Rocky exoplanets – planets outside our Solar System – with atmospheres dominated by hydrogen and helium could provide habitable conditions for billions of years, new research has suggested.
The study suggests these planets can sustain temperate conditions and liquid water on their surface for long periods of time.
As hydrogen and helium gases were readily available in the planet-forming materials around young stars, all planets built up atmospheres that were dominated by these two elements.
In our Solar System, rocky planets lost this atmosphere in favour of heavier elements, such as oxygen and nitrogen on Earth.
However, researchers suggest large rocky exoplanets at some distance from their star could retain their hydrogen and helium-dominated atmospheres.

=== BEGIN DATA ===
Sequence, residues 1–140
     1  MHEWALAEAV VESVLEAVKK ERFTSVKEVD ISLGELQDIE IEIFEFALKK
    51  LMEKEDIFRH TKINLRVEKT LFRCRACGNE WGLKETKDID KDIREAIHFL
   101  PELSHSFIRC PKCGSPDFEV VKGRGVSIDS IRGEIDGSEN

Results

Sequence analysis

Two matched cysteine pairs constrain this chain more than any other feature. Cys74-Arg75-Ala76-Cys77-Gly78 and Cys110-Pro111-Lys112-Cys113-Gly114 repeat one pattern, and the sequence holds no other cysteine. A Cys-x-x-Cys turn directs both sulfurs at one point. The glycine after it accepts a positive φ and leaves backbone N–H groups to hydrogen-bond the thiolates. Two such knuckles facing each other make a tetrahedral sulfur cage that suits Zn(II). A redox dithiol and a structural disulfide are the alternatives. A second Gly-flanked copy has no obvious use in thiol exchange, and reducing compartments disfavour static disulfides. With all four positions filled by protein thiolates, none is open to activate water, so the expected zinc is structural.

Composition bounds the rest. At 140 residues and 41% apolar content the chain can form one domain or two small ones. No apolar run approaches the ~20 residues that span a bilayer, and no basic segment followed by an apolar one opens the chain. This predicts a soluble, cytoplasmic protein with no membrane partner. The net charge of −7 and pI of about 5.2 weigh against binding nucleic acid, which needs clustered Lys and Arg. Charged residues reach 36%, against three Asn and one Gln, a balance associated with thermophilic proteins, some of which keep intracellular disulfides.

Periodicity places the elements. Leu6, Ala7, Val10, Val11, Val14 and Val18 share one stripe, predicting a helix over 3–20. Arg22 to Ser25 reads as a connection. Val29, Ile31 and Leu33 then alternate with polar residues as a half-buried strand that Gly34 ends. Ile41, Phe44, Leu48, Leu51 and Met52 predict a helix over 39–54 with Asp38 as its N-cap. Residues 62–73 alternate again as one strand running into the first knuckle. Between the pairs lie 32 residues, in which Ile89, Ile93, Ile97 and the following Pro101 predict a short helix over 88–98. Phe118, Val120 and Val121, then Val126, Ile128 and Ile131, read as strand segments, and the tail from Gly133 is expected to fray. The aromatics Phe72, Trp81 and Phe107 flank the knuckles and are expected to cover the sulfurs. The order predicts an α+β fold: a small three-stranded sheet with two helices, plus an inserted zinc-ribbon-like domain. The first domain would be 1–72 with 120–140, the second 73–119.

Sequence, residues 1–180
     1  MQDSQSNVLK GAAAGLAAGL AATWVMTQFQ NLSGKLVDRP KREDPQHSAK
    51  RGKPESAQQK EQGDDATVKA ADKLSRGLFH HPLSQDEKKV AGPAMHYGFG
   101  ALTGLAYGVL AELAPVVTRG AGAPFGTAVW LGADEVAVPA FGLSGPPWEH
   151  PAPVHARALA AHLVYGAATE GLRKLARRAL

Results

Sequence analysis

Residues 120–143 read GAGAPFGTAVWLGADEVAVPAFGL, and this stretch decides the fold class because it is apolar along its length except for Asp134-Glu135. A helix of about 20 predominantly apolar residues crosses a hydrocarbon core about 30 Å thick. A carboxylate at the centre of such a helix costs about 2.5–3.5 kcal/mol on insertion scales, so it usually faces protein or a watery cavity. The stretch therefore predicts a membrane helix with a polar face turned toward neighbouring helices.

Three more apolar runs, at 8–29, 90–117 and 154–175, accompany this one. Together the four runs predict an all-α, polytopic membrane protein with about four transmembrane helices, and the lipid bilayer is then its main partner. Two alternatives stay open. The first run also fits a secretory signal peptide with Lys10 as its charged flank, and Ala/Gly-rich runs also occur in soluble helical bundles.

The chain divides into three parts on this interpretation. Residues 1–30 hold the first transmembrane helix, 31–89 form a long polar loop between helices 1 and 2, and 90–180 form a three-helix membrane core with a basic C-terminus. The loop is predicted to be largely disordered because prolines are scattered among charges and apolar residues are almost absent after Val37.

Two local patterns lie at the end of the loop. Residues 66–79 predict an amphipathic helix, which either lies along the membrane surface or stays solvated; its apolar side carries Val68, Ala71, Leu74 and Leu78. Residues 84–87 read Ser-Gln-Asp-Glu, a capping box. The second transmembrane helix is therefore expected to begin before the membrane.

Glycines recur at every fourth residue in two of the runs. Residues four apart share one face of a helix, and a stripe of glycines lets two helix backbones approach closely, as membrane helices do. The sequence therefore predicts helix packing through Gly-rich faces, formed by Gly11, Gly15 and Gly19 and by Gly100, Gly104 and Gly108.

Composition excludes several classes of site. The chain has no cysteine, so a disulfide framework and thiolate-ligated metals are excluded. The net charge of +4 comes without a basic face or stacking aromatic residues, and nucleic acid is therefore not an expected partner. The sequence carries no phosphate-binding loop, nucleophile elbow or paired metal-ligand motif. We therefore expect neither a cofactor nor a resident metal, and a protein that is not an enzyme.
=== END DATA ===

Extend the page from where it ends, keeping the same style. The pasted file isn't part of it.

Marit Mol Lous, University of Zurich, Switzerland, and colleagues investigated the evolution of such planets.
They modelled the duration that hydrogen and helium-rich exoplanets could host liquid water on their surface.
Their findings suggest that depending on the mass of the planet and how far away it is from its star, these planets could keep a temperate surface environment for as long as eight billion years, provided the atmosphere is thick enough – between 100 to 1,000 times thicker than the Earth’s.
Writing in the Nature Astronomy journal, the study authors said: “This result suggests that the concept of planetary habitability should be revisited and made more inclusive with respect to the classical definition.”